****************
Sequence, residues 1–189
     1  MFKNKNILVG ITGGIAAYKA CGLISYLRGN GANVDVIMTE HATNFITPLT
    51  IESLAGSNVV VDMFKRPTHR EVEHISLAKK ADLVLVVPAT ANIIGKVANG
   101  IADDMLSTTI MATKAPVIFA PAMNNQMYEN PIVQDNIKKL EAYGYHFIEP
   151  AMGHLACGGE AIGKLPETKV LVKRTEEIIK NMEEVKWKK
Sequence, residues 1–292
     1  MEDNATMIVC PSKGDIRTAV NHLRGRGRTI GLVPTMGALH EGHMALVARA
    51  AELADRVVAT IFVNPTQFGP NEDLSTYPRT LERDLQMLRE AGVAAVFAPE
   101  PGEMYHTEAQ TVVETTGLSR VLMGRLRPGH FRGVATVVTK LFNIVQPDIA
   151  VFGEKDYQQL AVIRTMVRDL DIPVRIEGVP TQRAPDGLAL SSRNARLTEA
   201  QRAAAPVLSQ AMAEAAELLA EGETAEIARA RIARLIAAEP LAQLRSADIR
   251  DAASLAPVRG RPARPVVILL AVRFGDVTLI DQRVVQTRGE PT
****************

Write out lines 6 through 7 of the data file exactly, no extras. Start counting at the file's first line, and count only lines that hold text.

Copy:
Sequence, residues 1–292
     1  MEDNATMIVC PSKGDIRTAV NHLRGRGRTI GLVPTMGALH EGHMALVARA